With all the drama involving MyDDO’s passing, I thought it would be fun to talk about gaming from a different perspective.
I’m been on an anime-watching kick for some time now. One show caught my eye and then my rapt attention.
Pretend it’s about 10 years from now. There’s still PC gaming, but the interfaces have changed.
You might have heard of the Oculus Rift, a virtual reality gaming interface, in development today, that fits over your face, giving you an immersive stereoscopic display.
In this near-future, you can place a helmet on your head, which immerses your consciousness into a 3D environment where you don’t move an avatar–you are the avatar.
This device, the NerveGear, is the heart of virtual multiplayer online gaming, and the premise of the anime adaptation of the manga called “Sword Art Online.”
“SAO” is a hot new game, and one player, who goes by the name of “Kirito” during his participation in the game’s beta test, is one of the first 10,000 players in the newly released game.
The world of Aincrad, the game’s setting, is a massive floating castle-like structure with lands divided into 100 levels. The goal of the game is the beat the floor’s boss and ascend to the next, beating the game at the 100th level.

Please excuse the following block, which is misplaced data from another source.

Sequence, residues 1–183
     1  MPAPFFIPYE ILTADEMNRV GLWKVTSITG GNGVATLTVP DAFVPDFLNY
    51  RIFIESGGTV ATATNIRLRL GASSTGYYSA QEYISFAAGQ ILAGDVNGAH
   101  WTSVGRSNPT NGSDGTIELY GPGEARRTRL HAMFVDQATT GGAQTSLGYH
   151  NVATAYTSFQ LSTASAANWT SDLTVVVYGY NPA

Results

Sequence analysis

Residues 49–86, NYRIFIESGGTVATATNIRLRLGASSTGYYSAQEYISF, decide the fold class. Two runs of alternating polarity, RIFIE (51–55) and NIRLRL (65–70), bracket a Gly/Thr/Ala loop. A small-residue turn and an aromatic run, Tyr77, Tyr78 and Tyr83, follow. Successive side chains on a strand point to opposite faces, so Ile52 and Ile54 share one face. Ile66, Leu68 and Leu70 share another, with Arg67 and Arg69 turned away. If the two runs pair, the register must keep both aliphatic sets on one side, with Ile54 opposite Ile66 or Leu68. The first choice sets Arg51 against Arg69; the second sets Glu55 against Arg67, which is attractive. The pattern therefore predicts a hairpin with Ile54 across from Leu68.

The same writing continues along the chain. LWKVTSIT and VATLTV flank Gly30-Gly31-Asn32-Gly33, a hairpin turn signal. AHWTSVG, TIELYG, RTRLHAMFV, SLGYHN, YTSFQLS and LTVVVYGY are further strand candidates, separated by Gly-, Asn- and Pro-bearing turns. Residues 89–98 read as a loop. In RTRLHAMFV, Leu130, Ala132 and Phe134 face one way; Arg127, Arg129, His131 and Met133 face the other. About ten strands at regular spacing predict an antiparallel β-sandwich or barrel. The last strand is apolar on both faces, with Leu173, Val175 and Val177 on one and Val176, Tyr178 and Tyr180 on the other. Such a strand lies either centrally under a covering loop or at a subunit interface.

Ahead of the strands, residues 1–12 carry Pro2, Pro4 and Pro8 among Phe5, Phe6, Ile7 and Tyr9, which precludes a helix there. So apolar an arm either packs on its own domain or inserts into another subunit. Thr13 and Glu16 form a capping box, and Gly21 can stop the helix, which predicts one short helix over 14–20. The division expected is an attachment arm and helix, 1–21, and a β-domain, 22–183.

All seems well for Kirito and a new player he befriends, Klein, when their avatars (and all 9,998 other players) are suddenly transported to the town square on Floor 1. There, the game’s creator appears, larger than life as a skyscraper-sized, faceless, robed spectre, to tell all the players that they cannot log out. They must stay in the game and complete it to leave. Further–if you die in the game, you die for real, as the NerveGear will zap your brain on your failure. Others on the outside can’t remove that helmet, or it will kill you as well.
It’s a perma-death game in more ways than one.
I haven’t read the book series (but I will once I can find it) but the anime adaptation is said to be quite acceptable. Whoever wrote this story had a good knowledge of gaming lore and skill. “SAO” is a world where swordplay is the norm: magic does not exist as an offensive force (although a later story introduces another gaming world where the reverse is true and magic is dominant). There are hints that unarmed fighting is possible, but sadly, I didn’t see any ninjas.
As such, it’s a tough world to fight within.
By the start of episode 2, you learn that over 2,000 of the 10,000 players have died in a single month. A group of players, with Kirito and his sole party member, a girl named Asuna, tackle the first boss.
But that’s what you and I would expect, right? Kobolds aren’t particularly powerful unless you aren’t.
There’s much in the way of gaming lore and in-jokes, but the drama of watching a player move up the ranks to be what we all dream of being; the one player that saves the day–it’s exciting, humorous and extraordinarily dramatic.
There are two gaming worlds that Kirito and friends visit in the anime storyline–and you’ll wish you could grab a copy of the game and log in yourself.
Well, discussing this show any more would totally spoil it for you. You can watch all the episodes of “Sword Art Online” –free–on the anime web site Crunchyroll, or, if you have Hulu Plus, you can find it there.